Not exactly. The basic lacrosse elements are the same: you have three runner positions (attack=forward, defenseman, middie=transition) and goalies, and the ultimate goal is to score more than your opponent.
There are picks, seals, crease violations, penalties, and more, but the similarities tend to end around there. A lot of it has to do with the biggest difference between the two versions of lacrosse: space.
Boxla takes place in a much smaller area than field, around 2,800 less square foot. Players have less room to operate in and have to move quickly to get a shot off within 30 seconds.
Add the boards around the floor confining the action, and you get a very frantic, up-close-and-personal version of lacrosse.
Players also have to keep their heads on a swivel as the indoor game is much more physical than the outdoor one. There’s a saying that there’s no such thing as a moving pick in box, and it’s pretty much true.
In field, a player has to be stationary when setting a pick (putting their body in the way of a defender to separate them from their assignment).
Referees in box tend to let moving picks slide, so a player could receive a check to their back at any moment and have to be ready at all times.
Another thing you won’t see too much of is players swapping the stick to their off-hand.
Righties shoot with their right hands, lefties with their left. With the time and space boxla players work with, swapping hands like in field very rarely happens.
That said, stick skills are sharper in box than field. Players have to get their sticks free to make unconventional shots and stops, so their stick-handling abilities are the best in the world.
If you’ve seen a field lacrosse game before, then you’ll pick up on the intricacies of indoor lacrosse very quickly.
If you’ve ever watched a sport before, you’ll intuitively understand the action on the field, just maybe not the nuts and bolts of it.
Box lacrosse is very accessible, entertaining, and non-stop.
The crease is the goalie’s home, and opposing players trying to score – referenced as an attacking player for the remainder of this section – cannot have any part of their body touch the circular boundary.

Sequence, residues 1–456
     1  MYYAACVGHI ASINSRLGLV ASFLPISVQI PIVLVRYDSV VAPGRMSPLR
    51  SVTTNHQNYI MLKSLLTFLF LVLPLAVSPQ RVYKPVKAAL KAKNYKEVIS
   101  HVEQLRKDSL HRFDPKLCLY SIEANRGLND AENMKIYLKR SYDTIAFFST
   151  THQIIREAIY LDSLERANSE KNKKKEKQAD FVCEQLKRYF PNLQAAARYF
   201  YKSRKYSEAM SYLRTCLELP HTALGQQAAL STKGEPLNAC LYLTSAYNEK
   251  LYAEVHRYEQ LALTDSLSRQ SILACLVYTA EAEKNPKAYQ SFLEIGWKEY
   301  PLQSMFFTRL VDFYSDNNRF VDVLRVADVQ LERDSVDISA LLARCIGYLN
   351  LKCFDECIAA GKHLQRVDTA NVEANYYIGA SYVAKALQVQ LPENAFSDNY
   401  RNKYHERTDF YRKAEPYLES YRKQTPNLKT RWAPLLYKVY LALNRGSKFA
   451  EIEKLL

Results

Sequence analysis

An attacking player who has the ball cannot enter the crease. If they do, the play is blown dead by the referee, and possession changes to the other team.
If an attacking player has any part of his body touch the crease before the ball crosses the goal plane, that goal is waived due to a crease violation.
If an attacking player makes a shot from outside the crease but a teammate is in the crease, the goal is again waived due to a crease violation.
The following clip demonstrates a crease violation. Shayne Jackson on the right had his toes on the crease when he made shot the ball in for a goal, and the goal was waived because of that.
Players trying to score, however, aren’t the only ones that can’t enter the crease.
An attacking player without the ball that steps in the crease cannot receive the ball as they are deemed to have gained an advantage. The ball must be passed to a different player before that off-ball attacking player who entered the crease can receive a pass.
If a defending player receives the ball outside of their crease, they cannot enter the crease to begin their transition, as they are deemed to have gained an advantage.
One final fact regarding the crease: while the goaltender is in the crease and has possession of the ball, an attacking player cannot make contact with the goalie nor his stick.
There are exceptions to this, like if a defender hits an attacking player, and that hit causes the attacking player to make contact with the goalie.
All games start with a face-off. Similar to a tip-off in basketball, two opposing players will kneel down in the center of the floor and try and gain possession of the ball.
The rest of the players on the floor must be behind the restraining lines between the goals and middle of the floor.
After a team scores a goal, two players will immediately meet again in the center of the floor for another face-off.
A face-off will also take place at the beginning of each quarter and overtime.
If a player commits a face-off violation, then the ref will blow his whistle to call the play dead and award the ball to the team which did not commit a violation.
The following are considered face-off violations:
Teams get one timeout per half, two total per game. If a game goes into overtime, teams will receive one additional timeout.
Timeouts not used in the first half do not carry over into the second half. Timeouts run 45 seconds.
For a team to use a timeout while there is action on the floor, they must have possession of the ball.
When there has been a stoppage in play, either team can use their timeout.
Referees can call timeouts for injured players, and neither team will be charged a timeout.
Every quarter has two promotional timeouts, typically under the 10-minute and 5-minute marks.